In the days immediately following the Second Coming of the Obama Presidency, the talk mainly centered on whether singer Beyonce' Knowles actually sang the Star Spangled Banner as opposed to lip synching her own recording. I, for one, am comforted that the latter is the case and I confess that I'd sooner watch her lip synch Captain and Tennille's Greatest Hits than listen to Barack Obama channel his inner Neville Chamberlain, Saul Alinsky, and Jeremiah Wright. That he did so using the language and ambience of the Constitution, much to the delight of his hagiographers in the media, is less indicative of his conversion to Madisonian limits on government than of his willingness to use the terminology of the Constitution in order to bring about its decomposition.
But see how he works:
What makes us exceptional, what makes us America is our allegiance to an idea articulated in a declaration made more than two centuries ago. We hold these truths to be self-evident, that all men are created equal. That they are endowed by their creator with certain unalienable rights, and among these are life, liberty, and the pursuit of happiness. Today we continue a never-ending journey to bridge the meaning of those words with the realities of our time.
Did you catch that? These truths, and their accompanying rights, as explained by the Founders, must be "bridged" to reality, the idea being that they are on a distant island somewhere in the misty, metaphysical past, disconnected from the, "realities of our time." And what are the realities that await these rights once they've crossed the government's bridge in search of relevance? For starters, they must come to terms with federal expenditures that consumed 8.6 percent of Gross Domestic Product (GDP) in the middle of the Great Depression, which now eat up over 22 percent of the private economy, and a government that is over $16 trillion in debt with total unfunded obligations of over $61 trillion or, over $500,000 per household.
Forget pursuing happiness. Just try pursuing some fill dirt for that mud puddle on your own property and see what happens. You'll spend more time pursuing the intricacies of the Clean Water Act, the Endangered Species Act, the Resource Conservation and Recovery Act, the National Historic Preservation Act, and seeking the indulgences of the Environmental Protection Agency and the Army Corps of Engineers, because the federal government may very well consider that puddle on your property to be a wetland, herein defined as, "…those areas that are inundated or saturated by surface or groundwater at a frequency and duration sufficient to support, and that under normal circumstances do support, a prevalence of vegetation adapted for life in the saturated soil conditions." Piece of cake, right?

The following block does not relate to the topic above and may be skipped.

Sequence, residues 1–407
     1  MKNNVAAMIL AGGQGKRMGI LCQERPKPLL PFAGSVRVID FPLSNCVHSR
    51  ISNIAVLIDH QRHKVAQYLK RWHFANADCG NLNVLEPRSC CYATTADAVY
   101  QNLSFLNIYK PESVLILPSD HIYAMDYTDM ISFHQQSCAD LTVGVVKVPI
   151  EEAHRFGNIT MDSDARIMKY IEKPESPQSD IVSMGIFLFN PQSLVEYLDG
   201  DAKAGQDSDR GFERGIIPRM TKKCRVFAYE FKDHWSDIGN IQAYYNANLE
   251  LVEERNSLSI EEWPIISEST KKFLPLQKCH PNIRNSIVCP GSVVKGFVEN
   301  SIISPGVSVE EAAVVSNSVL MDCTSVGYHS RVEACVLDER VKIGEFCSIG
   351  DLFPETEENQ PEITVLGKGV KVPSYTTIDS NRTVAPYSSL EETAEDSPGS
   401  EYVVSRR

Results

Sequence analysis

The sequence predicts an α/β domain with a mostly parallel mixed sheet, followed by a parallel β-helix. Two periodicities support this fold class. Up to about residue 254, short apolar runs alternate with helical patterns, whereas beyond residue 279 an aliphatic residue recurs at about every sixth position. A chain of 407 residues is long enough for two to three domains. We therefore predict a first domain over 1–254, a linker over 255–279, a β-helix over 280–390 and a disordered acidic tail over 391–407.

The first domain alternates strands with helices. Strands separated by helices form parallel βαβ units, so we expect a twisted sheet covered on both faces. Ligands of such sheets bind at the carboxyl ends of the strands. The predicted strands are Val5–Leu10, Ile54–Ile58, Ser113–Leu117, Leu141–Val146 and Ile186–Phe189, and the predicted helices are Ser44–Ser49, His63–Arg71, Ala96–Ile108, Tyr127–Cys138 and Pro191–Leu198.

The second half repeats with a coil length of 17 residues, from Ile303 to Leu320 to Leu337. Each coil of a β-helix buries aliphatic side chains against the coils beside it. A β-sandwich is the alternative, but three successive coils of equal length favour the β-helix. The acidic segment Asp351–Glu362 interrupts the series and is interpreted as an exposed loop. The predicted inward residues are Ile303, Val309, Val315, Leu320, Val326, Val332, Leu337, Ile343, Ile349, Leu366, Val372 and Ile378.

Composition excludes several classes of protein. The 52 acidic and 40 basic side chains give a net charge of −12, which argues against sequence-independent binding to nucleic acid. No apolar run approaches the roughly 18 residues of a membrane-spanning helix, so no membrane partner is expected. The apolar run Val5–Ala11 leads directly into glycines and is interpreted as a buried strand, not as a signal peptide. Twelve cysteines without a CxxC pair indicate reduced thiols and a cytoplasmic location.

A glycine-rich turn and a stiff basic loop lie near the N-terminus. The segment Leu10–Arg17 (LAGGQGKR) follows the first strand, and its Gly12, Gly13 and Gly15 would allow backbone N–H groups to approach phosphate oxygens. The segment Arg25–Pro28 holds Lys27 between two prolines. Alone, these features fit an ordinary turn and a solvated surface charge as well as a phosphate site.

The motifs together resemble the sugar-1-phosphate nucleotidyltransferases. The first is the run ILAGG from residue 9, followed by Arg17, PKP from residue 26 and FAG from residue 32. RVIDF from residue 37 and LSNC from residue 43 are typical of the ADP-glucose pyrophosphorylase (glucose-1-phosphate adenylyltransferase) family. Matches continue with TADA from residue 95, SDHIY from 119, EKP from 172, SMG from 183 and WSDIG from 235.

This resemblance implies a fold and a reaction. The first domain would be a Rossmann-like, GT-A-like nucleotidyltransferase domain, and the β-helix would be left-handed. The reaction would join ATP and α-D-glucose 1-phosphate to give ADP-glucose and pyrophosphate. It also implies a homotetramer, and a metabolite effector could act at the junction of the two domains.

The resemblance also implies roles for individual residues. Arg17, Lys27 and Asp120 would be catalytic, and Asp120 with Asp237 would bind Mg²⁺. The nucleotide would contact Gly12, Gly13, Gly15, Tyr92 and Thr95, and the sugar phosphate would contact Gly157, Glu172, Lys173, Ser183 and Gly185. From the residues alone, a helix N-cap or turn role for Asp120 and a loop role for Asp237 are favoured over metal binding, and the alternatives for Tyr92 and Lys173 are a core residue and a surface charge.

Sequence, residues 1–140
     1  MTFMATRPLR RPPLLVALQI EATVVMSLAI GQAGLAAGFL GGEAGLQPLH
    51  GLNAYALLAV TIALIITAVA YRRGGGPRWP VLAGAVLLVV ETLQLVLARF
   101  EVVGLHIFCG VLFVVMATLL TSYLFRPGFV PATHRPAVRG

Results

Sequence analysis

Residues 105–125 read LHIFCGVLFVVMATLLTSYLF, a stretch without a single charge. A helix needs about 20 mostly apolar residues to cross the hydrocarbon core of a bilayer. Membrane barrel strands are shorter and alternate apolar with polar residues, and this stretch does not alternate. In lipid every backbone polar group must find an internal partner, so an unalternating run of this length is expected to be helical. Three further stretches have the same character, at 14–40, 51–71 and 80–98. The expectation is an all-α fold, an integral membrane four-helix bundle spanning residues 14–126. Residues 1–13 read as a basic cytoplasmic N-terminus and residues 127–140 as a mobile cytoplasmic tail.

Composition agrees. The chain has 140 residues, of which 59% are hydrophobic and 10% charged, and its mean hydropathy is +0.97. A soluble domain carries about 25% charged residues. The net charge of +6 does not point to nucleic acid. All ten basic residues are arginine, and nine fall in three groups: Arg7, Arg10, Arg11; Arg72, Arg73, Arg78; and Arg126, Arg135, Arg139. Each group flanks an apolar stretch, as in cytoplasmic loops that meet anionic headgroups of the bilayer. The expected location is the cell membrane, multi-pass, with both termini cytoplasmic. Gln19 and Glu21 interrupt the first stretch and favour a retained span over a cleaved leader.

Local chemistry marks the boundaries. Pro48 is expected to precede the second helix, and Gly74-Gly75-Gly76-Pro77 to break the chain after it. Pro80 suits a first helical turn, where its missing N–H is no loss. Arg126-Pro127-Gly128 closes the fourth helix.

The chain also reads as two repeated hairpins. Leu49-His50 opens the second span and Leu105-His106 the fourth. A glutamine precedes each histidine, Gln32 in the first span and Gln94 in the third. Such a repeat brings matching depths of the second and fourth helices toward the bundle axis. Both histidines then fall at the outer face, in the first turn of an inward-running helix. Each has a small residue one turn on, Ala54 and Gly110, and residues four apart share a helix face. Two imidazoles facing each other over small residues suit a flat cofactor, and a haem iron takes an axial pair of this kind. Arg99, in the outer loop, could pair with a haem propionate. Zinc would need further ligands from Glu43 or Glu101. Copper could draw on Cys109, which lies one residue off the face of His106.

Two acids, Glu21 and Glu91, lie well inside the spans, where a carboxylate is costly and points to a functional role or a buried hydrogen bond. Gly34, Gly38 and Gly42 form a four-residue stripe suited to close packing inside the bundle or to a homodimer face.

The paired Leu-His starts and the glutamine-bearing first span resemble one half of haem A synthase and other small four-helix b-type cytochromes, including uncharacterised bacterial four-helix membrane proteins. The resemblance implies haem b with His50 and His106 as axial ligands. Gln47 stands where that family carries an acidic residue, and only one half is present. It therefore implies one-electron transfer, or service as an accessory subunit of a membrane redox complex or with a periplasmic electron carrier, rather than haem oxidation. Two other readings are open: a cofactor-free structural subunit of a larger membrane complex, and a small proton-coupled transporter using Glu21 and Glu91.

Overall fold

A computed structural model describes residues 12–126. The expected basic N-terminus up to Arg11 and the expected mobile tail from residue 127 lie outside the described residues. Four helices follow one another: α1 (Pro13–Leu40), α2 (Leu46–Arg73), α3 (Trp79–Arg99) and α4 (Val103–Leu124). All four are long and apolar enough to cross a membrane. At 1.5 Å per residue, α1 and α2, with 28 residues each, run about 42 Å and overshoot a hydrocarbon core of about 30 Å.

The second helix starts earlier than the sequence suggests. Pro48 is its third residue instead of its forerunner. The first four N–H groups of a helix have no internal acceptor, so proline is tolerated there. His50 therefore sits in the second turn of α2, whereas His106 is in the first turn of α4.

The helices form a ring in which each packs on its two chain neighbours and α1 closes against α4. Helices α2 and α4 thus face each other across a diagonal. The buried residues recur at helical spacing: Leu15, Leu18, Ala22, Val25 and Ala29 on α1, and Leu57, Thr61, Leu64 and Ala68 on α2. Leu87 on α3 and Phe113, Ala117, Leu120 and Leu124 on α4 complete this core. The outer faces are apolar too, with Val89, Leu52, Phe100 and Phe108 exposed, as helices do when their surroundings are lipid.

Try exercising your right to liberty when "the realities of our time" dictate that from building a home to purchasing a car, from the appliances, plumbing, and light bulbs in your house to the size, weight of, and fuel in your vehicle, to the composition of your Frosted Flakes and Twinkies (sorry,…the unions killed that last one), nothing you do, sell, or purchase is outside the purview of the Federal Government. You are responsible for complying with a Federal Register which stood at 81,045 pages of regulations in 2010 and which grew by over 81,000 more pages in 2011 alone, and whose compliance costs for 2012's regulations exceeded $1.8 trillion.